U.S. Supreme Court Justice Antonin Scalia, 79, has died.
Scalia, whose body was found Saturday, reportedly passed away in his sleep after telling friends that he was not feeling well Friday night. Scalia, who was reportedly in good health, was in Texas for a hunting trip and his body is now being flown back to his home in McLean, Virginia.
President Obama, who called Scalia's son to express his condolences, issued a statement in response to news of Scalia's death, addressing the press corps Saturday evening:
Justice Antonin 'Nino' Scalia was a larger-than-life presence on the bench - a brilliant legal mind with an energetic style, incisive wit, and colorful opinions.
He influenced a generation of judges, lawyers, and students, and profoundly shaped the legal landscape. He will no doubt be remembered as one of the most consequential judges and thinkers to serve on the Supreme Court.
Justice Scalia dedicated his life to the cornerstone of our democracy: the rule of law. Tonight, we honor his extraordinary service to our nation and remember one of the towering legal figures of our time.
President Ronald Reagan appointed Scalia, who was seen as the foremost conservative voice on the Supreme Court, to the bench in 1986. Scalia was an originalist when it came to the Constitution, believing that it should not be interpreted using modern reasoning. He was the longest-serving justice on the court.
Republicans quickly politicized Scalia's death, issuing statements arguing that Obama should not appoint a new justice to the Supreme Court, and instead leave the task to the person who is elected president in November.
"The American people should have a voice in the selection of their next Supreme Court Justice. Therefore, this vacancy should not be filled until we have a new president," Senate Majority Leader Mitch McConnell (R-KY) said in a statement.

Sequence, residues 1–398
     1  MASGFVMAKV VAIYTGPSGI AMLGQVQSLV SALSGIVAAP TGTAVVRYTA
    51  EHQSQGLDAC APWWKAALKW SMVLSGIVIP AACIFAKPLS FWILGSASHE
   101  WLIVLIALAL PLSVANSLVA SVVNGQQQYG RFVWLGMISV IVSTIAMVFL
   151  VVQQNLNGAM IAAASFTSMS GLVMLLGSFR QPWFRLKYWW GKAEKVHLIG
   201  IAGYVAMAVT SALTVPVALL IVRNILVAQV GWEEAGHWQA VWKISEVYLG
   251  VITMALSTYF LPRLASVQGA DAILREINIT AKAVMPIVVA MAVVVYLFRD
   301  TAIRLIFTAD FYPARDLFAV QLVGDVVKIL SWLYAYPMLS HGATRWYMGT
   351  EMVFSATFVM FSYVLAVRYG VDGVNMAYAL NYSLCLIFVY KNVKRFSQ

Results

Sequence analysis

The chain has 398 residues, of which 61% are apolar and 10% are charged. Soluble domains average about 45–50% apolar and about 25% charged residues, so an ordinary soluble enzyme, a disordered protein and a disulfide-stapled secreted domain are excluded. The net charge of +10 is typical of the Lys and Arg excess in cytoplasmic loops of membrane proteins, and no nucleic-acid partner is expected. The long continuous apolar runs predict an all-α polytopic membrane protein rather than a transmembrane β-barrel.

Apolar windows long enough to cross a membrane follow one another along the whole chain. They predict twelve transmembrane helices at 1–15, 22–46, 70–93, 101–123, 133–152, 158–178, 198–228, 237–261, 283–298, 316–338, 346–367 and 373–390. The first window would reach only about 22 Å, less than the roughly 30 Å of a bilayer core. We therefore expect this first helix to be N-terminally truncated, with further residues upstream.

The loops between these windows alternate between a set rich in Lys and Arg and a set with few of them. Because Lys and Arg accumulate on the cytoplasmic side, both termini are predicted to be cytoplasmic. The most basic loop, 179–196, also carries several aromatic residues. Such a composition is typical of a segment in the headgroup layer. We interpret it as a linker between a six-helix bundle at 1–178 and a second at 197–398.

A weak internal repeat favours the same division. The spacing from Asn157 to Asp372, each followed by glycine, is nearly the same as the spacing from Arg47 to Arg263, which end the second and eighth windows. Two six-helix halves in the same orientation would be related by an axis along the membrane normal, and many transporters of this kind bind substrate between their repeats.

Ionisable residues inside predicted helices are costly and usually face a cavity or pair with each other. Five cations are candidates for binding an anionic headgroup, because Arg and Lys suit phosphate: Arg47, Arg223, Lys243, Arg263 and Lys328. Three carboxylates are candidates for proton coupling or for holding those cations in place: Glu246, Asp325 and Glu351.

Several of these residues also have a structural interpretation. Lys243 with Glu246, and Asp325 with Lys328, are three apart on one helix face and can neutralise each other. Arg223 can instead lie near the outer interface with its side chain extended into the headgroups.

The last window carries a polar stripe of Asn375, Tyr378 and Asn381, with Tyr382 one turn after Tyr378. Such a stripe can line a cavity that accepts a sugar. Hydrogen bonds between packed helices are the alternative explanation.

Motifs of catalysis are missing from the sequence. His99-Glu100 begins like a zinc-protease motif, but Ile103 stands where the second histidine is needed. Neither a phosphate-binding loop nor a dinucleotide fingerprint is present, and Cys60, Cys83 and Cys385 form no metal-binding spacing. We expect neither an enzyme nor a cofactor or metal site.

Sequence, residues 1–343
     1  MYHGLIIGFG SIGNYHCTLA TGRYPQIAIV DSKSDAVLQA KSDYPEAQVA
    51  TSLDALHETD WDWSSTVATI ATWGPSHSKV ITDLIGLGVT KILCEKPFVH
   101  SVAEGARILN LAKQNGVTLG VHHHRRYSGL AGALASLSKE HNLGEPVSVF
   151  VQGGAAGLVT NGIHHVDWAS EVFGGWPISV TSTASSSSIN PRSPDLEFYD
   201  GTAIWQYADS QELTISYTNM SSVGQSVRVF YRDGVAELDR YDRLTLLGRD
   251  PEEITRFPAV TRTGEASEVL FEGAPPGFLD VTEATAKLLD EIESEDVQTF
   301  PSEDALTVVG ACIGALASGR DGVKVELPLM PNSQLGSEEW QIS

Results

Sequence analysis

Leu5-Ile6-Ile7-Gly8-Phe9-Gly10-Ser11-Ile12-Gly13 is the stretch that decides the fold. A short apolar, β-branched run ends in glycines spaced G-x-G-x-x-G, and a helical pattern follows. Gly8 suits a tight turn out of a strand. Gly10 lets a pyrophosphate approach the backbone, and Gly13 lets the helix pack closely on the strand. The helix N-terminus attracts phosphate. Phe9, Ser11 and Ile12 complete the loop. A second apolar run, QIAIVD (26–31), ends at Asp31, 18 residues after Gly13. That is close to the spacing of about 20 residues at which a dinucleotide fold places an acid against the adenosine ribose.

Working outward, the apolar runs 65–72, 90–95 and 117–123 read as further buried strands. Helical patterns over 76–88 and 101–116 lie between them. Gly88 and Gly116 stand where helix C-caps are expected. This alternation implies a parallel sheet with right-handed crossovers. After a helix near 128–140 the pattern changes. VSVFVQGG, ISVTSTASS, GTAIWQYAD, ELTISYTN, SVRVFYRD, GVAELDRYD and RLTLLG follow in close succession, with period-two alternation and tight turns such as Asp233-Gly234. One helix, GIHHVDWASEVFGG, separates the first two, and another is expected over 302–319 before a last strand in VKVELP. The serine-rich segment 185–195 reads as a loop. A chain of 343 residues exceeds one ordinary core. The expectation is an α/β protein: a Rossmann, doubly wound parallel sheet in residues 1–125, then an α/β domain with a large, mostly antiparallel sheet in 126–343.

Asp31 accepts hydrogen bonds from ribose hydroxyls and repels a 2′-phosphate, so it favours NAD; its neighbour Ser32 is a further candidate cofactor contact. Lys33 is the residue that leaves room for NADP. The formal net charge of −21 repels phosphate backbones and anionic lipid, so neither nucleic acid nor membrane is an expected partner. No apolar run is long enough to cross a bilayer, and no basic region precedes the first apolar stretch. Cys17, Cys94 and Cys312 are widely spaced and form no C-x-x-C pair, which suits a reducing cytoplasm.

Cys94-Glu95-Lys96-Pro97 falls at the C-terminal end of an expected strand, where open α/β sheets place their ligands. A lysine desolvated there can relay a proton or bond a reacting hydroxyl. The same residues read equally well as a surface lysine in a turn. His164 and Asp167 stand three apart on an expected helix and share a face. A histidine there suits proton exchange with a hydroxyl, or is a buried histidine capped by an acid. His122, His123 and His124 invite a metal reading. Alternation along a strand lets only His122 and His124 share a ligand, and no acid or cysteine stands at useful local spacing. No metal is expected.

Each of the Republican presidential candidates echoed the sentiment via social media and at a televised debate Saturday night.
"Justice Scalia was an American hero. We owe it to him, & the Nation, for the Senate to ensure that the next President names his replacement," Republican presidential nominee and U.S. Sen. Ted Cruz (R-TX) tweeted.
Obama pushed back against such claims, saying he will make an appointment for Scalia's replacement at the appropriate time:
Obviously, today is a time to remember Justice Scalia's legacy. I plan to fulfill my constitutional responsibilities to nominate a successor in due time. There will be plenty of time for me to do so, and for the Senate to fulfill its responsibility to give that person a fair hearing and a timely vote.
These are responsibilities that I take seriously, as should everyone. They're bigger than any one party. They are about our democracy. They're about the institution to which Justice Scalia dedicated his professional life, and making sure it continues to function as the beacon of justice that our Founders envisioned.
Senate Minority Leader Harry Reid (D-NV) also railed against the Republican rhetoric, saying Obama should be the one to make an appointment.
"With so many important issues pending before the Supreme Court, the Senate has a responsibility to fill vacancies as soon as possible," Reid said via statement Saturday. "It would be unprecedented in recent history for the Supreme Court to go a year with a vacant seat. Failing to fill this vacancy would be a shameful abdication of one of the Senate's most essential Constitutional responsibilities."
Scalia, who was the nation's first Italian-American Supreme Court Justice, is survived by his wife of 55 years, Maureen, nine children and a number of grandchildren.